But the Great Dragon is not the only dragon. We can be, we have been, dragons. In one of the most vivid conversion stories in the world of Narnia, CS Lewis pictures the gift of salvation as being “un-dragoned.” Douglas Wilson (ND Wilson’s father) puts it this way in a lecture on Lewis:
Eustace was miserable as a dragon and discovered that he was utterly unable to heal himself or prepare himself to be healed. When he tried to remove the dragon skin by himself, all he was able to do was get down underneath his dragon skin — to the next layer of dragon skin. And you know while you are reading this passage, beyond any shadow of any doubt, that as long as Eustace was doing his own scraping, it would be dragon skins all the way down.
Pauline Baynes’ illustration of Eustace the dragon
What had to happen was Aslan’s work – the lion had to carefully claw the dragon skin off of the boy. Here is how Lewis describes it, in Eustace’s voice:
The very first tear he made was so deep that I thought it had gone right into my heart. And when he began pulling the skin off, it hurt worse than anything I’ve ever felt. The only thing that made me able to bear it was just the pleasure of feeling the stuff peel off. . . .
Well, he peeled the beastly stuff right off — just as I thought I’d done it myself the other three times, only they hadn’t hurt — and there it was lying on the grass: only ever so much thicker, and darker, and more knobbly-looking than the others had been. And there was I as smooth and soft as a peeled switch and smaller than I had been. Then he caught hold of me — I didn’t like that much for I was very tender underneath now that I’d no skin on — and threw me into the water. It smarted like anything but only for a moment. After that it became perfectly delicious and as soon as I started swimming and splashing I found that all the pain had gone from my arm. And then I saw why. I’d turned into a boy again. . . .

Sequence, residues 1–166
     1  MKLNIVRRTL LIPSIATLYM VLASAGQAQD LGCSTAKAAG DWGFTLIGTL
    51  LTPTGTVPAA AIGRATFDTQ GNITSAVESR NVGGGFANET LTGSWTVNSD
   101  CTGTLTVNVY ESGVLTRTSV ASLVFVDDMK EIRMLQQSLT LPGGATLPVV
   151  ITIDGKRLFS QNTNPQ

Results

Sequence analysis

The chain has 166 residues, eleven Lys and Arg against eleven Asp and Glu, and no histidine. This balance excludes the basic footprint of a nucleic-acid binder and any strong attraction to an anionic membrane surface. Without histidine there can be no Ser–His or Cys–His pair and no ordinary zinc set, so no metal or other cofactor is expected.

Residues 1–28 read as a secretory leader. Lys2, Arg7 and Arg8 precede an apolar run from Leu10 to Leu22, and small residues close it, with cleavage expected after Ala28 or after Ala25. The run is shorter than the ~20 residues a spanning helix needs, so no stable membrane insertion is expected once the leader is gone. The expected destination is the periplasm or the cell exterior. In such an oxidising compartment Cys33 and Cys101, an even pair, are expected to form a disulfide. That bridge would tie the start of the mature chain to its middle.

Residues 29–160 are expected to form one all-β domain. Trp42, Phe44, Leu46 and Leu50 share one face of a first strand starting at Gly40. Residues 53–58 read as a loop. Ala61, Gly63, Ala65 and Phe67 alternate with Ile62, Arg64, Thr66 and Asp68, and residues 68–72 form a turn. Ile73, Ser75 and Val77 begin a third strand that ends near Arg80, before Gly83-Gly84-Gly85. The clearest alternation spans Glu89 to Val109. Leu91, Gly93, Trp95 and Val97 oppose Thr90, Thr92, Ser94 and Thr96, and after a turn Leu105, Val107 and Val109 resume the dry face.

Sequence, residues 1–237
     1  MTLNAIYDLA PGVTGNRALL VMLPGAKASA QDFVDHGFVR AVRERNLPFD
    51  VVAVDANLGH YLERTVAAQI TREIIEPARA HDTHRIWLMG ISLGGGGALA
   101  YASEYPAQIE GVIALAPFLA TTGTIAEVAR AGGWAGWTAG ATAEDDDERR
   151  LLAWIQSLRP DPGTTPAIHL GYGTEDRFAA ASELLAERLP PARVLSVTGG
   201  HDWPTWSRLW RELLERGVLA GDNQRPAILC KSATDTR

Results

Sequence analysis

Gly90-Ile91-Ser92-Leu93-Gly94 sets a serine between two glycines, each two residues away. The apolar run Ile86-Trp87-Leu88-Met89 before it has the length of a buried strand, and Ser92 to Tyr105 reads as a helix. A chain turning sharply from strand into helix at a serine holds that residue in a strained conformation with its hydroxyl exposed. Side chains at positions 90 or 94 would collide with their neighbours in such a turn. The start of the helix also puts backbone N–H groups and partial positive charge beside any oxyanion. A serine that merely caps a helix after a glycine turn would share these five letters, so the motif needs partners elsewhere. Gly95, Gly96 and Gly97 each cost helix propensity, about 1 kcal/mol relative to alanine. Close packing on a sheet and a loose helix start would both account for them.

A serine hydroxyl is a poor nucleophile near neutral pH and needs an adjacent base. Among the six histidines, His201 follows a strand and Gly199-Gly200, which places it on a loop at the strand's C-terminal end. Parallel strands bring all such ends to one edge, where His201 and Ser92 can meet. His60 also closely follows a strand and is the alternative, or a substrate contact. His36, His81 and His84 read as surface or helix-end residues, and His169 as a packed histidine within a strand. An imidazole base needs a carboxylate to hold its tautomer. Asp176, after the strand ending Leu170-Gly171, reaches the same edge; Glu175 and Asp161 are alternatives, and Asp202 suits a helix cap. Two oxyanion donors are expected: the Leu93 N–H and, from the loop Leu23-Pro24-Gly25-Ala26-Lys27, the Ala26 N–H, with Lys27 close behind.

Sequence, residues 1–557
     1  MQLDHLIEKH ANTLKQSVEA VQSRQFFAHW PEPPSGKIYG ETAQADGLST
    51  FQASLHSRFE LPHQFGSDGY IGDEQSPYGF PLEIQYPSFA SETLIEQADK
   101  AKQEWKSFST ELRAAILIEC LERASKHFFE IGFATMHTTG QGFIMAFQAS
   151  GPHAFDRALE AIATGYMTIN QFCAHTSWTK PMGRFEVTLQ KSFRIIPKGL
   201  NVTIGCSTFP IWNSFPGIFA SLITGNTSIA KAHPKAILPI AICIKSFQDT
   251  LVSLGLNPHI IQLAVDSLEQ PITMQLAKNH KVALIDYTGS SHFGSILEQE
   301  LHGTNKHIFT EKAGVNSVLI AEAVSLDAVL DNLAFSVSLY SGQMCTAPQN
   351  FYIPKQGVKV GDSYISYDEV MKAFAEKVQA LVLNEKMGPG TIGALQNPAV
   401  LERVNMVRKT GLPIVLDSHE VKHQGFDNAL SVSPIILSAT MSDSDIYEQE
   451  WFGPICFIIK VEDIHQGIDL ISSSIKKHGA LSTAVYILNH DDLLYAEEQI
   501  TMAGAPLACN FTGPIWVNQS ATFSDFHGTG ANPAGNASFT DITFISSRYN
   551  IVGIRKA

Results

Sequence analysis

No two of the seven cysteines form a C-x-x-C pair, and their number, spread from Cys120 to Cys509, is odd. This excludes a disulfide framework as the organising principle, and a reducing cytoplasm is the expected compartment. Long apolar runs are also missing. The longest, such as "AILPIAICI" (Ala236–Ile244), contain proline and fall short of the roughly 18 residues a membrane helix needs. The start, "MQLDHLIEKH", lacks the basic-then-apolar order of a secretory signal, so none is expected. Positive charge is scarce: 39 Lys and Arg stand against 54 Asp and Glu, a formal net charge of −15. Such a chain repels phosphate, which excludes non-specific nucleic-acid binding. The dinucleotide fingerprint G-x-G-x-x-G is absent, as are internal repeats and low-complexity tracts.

After a bit the lion took me out and dressed me . . . in new clothes.
There it is, baptism and all: through faith in Christ, we are un-dragoned. And now, Paul tells us in Ephesians 6, we fight demonic forces with the weapons of the Spirit. We have been given the full armor of God, that we may be able to stand against the schemes of the devil. For we do not wrestle against flesh and blood, but against the rulers, against the authorities, against the cosmic powers over this present darkness, against the spiritual forces of evil in the heavenly places.
In my work as a chaplain at Helping Up Mission, I see a lot of dragon-slaying. I have the privilege of walking with men as they do battle with the dragons of addiction and trauma, sins they’ve done and sins done against them, the spectres of shame and guilt that hound them like the Nazgûl, those deathly riders in Tolkein’s Lord of the Rings. I see men thrust the sword of the Spirit down the dragon’s throat and out the back of its head. I see men walking into new life with freedom from the dragons they had become, and the dragons that were pursuing them.
The story behind the art
I wanted to make that spiritual reality tangible in some way. Here’s what I came up with. I had an image floating around in my head for awhile of an emblem: a manly fellow, somewhere between St. George and Jesus, wrapped about by a dragon as he shoves his sword or spear down its throat and out the back of its head.
I reached out to Chris Koelle
, an artist and printmaker in South Carolina. (Chris is perhaps best known for his epic graphic novel versions of The Book of Revelation, The History of Redemption, and Job.) He created this design, which we had printed onto 4” round stickers.
Now, at Helping Up, I give these stickers to the men I counsel. The obscure Latin phrase and the powerful image have become a shorthand, an icon of their struggles and the power of Christ in them.
It’s a struggle we all live with, and in Christ, it’s a fight we can win. Sic semper draconis.